by: Rita Duponty
Is there a link between ordinary dirt and happiness? For years, parents have have taught their children not to play in dirt. As children, some of us were told to stay out of the dirt or we would get sick. The truth is that dirt may actually be good for all us.
Researchers found that when mice were exposed to certain “friendly bacteria” found in soil, their brain’s showed elevated levels of serotonin. No doubt you will recall that low levels of serotonin in the human brain are linked to depression. So what does this mean for you? Although more studies and research are underway to determine just how much antidepressant properties there are in dirt and its effect on the serotonin neurons in the brain, getting down in the dirt with the kids is a smart thing to do!
Spring is almost here for many of us. Now is the perfect time to sink our hands down into some type of soil or dirt. Since most of us are under time restraints these days, here are a few suggestions on how you can get into the real “dirt.”
- For a smaller project, start an herb garden. You and the kids can plant a few herbs in the kitchen perhaps in a small planter. Once it is warm enough you can plant herbs in pots on your porch or patio. The best exposure to dirt though and soil would be to plant an herb garden outside in the yard. You don’t need a lot of space. Some people have planted herbs on the top of their roof! In all cases you will be working with soil.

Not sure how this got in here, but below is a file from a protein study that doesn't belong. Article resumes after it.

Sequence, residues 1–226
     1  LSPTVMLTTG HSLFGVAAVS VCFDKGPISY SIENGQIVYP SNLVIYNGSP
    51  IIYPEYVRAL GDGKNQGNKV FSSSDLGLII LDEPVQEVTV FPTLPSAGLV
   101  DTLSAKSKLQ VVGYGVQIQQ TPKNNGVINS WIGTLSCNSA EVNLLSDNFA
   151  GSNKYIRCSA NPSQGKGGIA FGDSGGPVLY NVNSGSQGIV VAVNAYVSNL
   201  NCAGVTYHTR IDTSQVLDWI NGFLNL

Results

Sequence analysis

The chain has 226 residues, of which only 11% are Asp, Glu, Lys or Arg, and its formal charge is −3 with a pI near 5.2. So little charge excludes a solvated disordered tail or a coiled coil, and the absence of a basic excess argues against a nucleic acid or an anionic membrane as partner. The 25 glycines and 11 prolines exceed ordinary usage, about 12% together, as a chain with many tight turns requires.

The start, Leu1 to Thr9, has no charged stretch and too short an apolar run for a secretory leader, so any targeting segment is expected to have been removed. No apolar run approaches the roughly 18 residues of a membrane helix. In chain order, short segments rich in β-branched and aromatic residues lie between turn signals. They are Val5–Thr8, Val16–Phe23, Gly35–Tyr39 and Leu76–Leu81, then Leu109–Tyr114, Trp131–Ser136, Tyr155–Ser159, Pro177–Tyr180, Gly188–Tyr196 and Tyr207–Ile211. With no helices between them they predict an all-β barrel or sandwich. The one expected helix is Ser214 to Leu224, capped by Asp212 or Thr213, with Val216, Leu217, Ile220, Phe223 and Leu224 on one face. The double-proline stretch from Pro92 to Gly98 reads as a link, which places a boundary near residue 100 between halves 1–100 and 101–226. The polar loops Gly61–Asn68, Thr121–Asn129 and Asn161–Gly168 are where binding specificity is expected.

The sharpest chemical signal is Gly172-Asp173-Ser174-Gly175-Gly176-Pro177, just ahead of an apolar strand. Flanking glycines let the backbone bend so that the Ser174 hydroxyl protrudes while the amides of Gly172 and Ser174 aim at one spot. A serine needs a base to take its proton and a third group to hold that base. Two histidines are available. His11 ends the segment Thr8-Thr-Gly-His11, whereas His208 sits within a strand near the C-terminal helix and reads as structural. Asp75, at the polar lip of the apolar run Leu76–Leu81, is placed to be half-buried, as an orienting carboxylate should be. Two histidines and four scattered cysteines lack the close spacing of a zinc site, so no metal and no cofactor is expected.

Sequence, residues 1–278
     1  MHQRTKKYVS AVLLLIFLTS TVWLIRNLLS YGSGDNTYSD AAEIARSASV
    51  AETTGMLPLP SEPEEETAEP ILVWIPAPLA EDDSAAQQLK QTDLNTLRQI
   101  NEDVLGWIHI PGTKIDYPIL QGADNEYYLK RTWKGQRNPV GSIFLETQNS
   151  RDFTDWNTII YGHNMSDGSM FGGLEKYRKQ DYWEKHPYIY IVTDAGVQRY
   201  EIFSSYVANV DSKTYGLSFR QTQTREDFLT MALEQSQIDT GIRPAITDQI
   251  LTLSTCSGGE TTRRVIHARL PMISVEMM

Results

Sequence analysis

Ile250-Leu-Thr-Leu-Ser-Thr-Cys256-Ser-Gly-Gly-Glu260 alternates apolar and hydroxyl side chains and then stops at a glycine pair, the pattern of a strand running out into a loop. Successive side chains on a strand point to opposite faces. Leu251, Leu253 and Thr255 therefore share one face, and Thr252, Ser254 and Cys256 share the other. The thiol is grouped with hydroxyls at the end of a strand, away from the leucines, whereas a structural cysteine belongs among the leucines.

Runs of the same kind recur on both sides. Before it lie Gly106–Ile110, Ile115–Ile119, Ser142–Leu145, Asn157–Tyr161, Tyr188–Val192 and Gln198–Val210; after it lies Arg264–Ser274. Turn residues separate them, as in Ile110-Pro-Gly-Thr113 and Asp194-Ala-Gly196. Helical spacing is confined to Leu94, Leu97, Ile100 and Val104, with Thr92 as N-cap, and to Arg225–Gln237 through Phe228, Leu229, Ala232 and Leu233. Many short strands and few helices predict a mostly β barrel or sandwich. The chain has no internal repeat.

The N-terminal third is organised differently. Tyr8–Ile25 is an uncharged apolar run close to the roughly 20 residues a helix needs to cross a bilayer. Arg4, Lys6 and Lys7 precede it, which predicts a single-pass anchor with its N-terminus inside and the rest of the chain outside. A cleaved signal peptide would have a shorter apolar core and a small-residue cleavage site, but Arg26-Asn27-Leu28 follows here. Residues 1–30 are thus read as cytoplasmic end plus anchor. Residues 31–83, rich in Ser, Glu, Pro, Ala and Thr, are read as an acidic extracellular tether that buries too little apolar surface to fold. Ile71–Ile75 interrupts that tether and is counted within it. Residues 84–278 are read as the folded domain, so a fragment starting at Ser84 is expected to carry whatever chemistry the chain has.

- Plant some of your favorite flowers in pots inside or outside. Plant flowers around your yard.
- Take a small area of your yard and start a vegetable garden. If you don’t know how to get started, go to Vegetable Garden—Your Family’s Golden Nugget. You’ll find links to organic gardening and some free tips along with a link to what Michelle Obama did to start her successful White House Garden.
- Community Gardening. Some areas rent out small lots for gardening. Look around your community for such an area. You might even have a friend that would love you to plant vegetables or flowers on their property.
- Volunteer to help someone else to start their garden.
In all of the above scenarios, you and the kids will be exposed to dirt. Interestingly, all the Blue Zones (concentrations of centenarians) in the world, people are actively involved in outside activities such as gardening. So if you want a happy family with longevity, start digging and planting today. Yes—get those hands dirty!
Happiness Linked to Dirt? is a post from: Our Family World
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